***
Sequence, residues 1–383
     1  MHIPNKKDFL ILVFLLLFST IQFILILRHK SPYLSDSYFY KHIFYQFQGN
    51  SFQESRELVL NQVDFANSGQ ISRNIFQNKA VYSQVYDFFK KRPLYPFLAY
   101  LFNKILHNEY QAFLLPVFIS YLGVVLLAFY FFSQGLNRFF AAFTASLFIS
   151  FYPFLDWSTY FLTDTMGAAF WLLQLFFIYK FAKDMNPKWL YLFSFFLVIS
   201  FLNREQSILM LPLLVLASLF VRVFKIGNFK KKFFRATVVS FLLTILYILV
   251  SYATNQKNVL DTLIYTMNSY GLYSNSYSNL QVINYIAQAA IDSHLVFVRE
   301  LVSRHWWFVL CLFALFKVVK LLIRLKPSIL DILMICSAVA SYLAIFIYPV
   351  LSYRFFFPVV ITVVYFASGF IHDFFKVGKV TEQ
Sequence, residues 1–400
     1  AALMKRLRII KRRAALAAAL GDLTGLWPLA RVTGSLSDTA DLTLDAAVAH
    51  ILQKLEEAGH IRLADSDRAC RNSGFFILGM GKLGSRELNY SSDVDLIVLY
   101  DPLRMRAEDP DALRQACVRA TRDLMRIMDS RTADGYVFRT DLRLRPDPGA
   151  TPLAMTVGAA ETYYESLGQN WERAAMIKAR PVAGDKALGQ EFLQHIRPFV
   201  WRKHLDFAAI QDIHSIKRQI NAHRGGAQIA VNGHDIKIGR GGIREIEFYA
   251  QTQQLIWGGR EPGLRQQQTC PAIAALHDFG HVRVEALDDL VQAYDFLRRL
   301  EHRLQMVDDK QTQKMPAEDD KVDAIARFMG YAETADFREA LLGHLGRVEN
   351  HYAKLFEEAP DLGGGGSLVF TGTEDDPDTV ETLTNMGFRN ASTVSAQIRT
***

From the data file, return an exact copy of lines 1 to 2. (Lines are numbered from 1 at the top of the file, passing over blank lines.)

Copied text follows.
Sequence, residues 1–383
     1  MHIPNKKDFL ILVFLLLFST IQFILILRHK SPYLSDSYFY KHIFYQFQGN